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A new effort to house homeless female veterans in Collin County

Thanks to the efforts of Collin County’s Extreme Green Homes and 200-plus volunteers, several have an awesome new house

Reed House on Mullins in Lewisville

At the request of the young blonde woman standing onstage at the end of a freshly paved driveway, some 100 men, women, and children shut their eyes and imagined free-falling from 14,000 feet. There is no instructor in tandem, she told us. No parachute.

We sweat under a Saturday morning sun as our sights returned to the speaker.

“That’s what I felt returning after seven years of military service,” she said. “When I enlisted and went off to Naval boot camp, I wondered what I had gotten myself into. I was cold, tired, hungry and scared…but as difficult as it was leaving my family and friends to join the military, leaving the service was so much more difficult,” said Crystal Janes, United States Navy veteran, to those gathered last weekend for the grand opening of Reed House on Mullins in Lewisville, a new, yet unoccupied, transitional home for female veterans.

Crystal Janes, U.S. Navy

See, as hard as life became for Crystal—who “no longer had the promise of a pay check,” was “no longer told what to do or where to be every day” and felt “washed over with the fear of failure”—it’s much worse for many others.

It was no fun being a woman in her 30s living with her parents, Crystal said. But at least she had a place to sleep each night. Hundreds of military veteran women in Texas do not.

Vets, volunteers and community members join the ceremony

“As of 2018, Texas alone had an estimated 1,935 veterans experiencing homelessness on any given day,” Crystal said. “Female veterans comprise the fastest-growing segment of our homeless veteran population … and unique adversities faced by women veterans are often unseen by society.”

Reed House welcomes female veterans who need a home

Thanks to Plano-based Green Extreme Homes and an army of volunteers and sponsors, at least seven women who served in the United States military soon will move into a sweet new home inside a state-of-the-art two-story abode designed using the latest in green technology.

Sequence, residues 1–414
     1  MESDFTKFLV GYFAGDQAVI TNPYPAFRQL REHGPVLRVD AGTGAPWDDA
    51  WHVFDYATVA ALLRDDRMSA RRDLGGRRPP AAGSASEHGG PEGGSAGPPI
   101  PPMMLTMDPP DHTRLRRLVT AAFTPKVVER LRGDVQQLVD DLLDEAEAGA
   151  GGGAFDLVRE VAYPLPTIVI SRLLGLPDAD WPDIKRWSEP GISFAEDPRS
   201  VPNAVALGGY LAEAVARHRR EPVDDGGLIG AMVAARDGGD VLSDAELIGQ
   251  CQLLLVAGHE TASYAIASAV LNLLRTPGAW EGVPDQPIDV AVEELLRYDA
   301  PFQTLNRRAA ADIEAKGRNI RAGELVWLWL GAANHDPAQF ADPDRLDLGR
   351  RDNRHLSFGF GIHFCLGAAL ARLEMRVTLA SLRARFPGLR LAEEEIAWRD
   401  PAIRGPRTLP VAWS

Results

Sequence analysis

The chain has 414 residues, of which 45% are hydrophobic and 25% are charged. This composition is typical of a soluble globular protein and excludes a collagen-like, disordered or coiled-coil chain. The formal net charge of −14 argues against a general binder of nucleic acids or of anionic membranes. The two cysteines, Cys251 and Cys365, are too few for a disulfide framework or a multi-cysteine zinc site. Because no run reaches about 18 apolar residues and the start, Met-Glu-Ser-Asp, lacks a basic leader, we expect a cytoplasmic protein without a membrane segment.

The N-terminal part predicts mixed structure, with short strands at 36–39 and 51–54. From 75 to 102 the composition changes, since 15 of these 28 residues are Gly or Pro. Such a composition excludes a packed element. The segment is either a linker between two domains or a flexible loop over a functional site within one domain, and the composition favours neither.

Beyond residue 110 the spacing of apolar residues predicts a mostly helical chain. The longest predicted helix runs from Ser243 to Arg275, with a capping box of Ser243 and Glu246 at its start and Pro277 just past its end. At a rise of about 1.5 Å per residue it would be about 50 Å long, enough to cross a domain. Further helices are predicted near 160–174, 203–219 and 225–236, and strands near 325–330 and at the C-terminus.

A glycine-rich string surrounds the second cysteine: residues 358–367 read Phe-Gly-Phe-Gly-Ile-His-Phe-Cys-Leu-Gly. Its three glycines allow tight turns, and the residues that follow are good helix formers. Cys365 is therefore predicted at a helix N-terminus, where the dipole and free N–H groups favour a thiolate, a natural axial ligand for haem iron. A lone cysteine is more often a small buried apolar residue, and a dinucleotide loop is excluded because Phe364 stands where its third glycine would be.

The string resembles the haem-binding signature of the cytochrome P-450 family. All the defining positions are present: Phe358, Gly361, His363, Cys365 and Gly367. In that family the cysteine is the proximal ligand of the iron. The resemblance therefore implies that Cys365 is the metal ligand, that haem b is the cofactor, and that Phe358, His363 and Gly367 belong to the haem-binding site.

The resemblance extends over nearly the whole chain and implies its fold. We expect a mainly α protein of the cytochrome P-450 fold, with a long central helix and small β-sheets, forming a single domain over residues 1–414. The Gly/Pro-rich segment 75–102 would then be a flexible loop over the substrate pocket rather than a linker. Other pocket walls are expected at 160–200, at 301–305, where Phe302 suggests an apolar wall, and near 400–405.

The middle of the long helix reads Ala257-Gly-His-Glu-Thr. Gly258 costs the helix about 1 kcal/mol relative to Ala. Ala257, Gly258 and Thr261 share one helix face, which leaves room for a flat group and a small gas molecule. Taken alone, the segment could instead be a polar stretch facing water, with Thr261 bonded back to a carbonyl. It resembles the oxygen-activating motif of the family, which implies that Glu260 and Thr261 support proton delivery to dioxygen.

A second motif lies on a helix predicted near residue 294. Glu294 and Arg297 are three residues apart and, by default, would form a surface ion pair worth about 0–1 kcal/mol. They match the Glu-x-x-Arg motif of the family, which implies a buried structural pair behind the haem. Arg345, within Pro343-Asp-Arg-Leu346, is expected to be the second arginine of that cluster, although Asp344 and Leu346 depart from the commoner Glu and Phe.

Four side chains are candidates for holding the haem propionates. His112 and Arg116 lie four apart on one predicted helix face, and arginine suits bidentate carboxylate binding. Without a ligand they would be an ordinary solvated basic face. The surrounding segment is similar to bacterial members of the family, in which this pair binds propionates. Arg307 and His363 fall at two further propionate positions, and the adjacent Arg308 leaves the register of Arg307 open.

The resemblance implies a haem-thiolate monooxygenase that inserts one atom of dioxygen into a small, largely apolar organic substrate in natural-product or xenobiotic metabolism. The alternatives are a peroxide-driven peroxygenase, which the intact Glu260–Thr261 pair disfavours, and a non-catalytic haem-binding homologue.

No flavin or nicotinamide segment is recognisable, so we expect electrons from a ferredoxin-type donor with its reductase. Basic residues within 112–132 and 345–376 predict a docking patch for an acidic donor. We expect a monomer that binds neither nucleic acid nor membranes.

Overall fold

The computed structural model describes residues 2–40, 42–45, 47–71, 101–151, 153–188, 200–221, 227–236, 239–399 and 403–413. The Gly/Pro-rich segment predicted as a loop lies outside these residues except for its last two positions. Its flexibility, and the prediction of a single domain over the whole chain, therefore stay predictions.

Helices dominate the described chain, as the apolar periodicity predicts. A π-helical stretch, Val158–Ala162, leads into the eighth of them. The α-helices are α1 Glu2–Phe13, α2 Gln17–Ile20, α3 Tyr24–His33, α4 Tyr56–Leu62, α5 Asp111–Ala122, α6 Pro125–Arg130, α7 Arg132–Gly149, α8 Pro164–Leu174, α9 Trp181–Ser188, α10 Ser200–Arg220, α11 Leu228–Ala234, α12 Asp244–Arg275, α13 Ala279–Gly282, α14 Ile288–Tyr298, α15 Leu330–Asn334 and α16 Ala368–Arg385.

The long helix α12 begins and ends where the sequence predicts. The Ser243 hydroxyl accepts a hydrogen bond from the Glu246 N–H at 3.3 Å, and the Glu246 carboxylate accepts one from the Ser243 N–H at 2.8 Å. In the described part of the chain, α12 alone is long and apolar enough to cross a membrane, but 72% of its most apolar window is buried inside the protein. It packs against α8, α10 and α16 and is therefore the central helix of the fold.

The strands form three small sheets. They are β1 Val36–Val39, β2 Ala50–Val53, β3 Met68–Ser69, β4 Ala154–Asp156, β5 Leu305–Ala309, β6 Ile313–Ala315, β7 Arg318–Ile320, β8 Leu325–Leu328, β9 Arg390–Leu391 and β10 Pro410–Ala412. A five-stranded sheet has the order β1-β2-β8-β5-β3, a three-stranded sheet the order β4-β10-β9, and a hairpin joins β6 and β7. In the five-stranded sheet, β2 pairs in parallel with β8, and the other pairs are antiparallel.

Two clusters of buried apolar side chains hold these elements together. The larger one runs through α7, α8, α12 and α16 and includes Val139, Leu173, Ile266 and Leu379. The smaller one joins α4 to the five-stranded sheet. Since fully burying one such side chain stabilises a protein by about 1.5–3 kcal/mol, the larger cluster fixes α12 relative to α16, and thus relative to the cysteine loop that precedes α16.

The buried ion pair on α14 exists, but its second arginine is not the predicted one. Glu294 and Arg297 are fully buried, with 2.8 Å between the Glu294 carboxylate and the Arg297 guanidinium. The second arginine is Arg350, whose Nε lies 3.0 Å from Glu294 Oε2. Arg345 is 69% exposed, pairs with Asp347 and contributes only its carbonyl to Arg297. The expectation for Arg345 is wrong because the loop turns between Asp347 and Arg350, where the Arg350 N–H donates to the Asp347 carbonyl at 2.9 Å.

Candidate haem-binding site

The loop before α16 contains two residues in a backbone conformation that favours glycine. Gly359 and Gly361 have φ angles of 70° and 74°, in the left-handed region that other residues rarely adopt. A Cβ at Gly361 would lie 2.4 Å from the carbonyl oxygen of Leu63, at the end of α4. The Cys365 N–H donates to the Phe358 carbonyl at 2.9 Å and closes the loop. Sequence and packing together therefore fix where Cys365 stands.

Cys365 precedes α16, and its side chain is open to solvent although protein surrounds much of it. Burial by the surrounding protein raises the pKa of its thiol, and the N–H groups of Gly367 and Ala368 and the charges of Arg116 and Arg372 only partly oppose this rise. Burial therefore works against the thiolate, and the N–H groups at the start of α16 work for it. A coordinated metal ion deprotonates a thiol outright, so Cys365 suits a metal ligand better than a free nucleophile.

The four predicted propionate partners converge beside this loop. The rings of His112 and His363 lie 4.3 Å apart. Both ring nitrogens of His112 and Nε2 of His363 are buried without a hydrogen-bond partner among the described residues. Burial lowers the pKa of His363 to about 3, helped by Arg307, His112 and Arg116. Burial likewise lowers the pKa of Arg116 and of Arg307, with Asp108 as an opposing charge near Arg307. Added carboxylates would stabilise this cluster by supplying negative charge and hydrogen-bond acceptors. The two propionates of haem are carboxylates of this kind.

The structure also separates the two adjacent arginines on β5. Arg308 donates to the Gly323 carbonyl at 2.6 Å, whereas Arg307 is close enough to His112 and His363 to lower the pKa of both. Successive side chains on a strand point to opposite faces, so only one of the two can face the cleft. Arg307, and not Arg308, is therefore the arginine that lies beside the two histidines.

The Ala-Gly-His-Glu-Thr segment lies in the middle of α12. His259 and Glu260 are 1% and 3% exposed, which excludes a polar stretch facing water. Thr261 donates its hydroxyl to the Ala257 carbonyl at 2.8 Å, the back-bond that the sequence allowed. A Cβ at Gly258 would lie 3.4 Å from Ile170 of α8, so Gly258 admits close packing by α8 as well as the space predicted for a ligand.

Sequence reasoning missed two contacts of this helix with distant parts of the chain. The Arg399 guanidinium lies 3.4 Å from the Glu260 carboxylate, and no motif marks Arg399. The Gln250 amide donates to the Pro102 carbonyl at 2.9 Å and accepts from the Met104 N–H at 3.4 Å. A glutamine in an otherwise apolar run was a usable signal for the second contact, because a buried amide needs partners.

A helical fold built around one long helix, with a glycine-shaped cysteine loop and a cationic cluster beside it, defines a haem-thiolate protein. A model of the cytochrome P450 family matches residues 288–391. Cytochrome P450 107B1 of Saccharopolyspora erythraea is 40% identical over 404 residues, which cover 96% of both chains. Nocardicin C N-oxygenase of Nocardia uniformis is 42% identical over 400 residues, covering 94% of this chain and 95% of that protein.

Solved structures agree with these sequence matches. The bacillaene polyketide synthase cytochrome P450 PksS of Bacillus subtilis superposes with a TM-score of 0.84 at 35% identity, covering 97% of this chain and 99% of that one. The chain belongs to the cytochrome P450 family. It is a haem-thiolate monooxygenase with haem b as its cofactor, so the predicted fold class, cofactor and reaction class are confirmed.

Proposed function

A room inside Reed House

Pollutant- and contaminant-free cool air greets grateful guests as we enter the “zero energy ready” home’s tastefully tinted taupe walls. These walls aren’t simply a haven for once-struggling women. They also are constructed with structural insulated panels. And love. These walls stand six and a half inches thick and prop up a roof, also built with structural insulated panels, which, simply put, replace your typical wood-pane design with a stronger, more energy efficient and cost effective foam core (so says the Structural Insulated Panel Association).

The house’s plumbing system and water heaters save H2O. All appliances use a less-than-common amount of energy. Windows come triple-framed with fiberglass and cordless mini blinds and other specializations that keep the indoors comfy. In short, it’s an exceedingly smart home. And safe, too, with its security cams and RING doorbell system. But, wait for it … the property comes complete with—yes—chickens, and a top-of-the-range chicken coop.

For those unversed in urban chicken farming, it’s a thing—backyard chickens are cropping up everywhere. (Nearly one percent of all U.S. households recently surveyed by the U.S. Department of Agriculture reported owning backyard fowl). It’s about health, and sustainability and, you know, having four (that’s what Reed House claims right now) fluffy chickens running around, being adorable and laying eggs, right alongside your controlled environment hydroponics garden with 14 levels of vertical framing.

Forthcoming residents of Reed House have yet to be named, so we couldn’t speak with any of them yet, although we aim to see how they are doing in upcoming months.

Still, the vets and volunteers attending Saturday’s ribbon cutting and grand opening seemed pretty pumped, perhaps on the future residents’ behalf.
The morning’s theme seemed to be that the Reed House will help homeless female veterans transition back into a normal lifestyle. And the celebration’s purpose, it appeared, also was to show gratitude to the many who made so much possible. The project required the help of many, noted Victor Dreitner, who works with Citi, a major sponsor of the project.

“Through Citi, over 200 volunteers contributed more than 2,400 hours across 30 volunteer events to build this home. For any one of us it was a few hours on any given weekend, fairly insignificant standing alone. However, collectively, not just here but in society as a whole, combined efforts can have a significant impact.”

Christina Hughes

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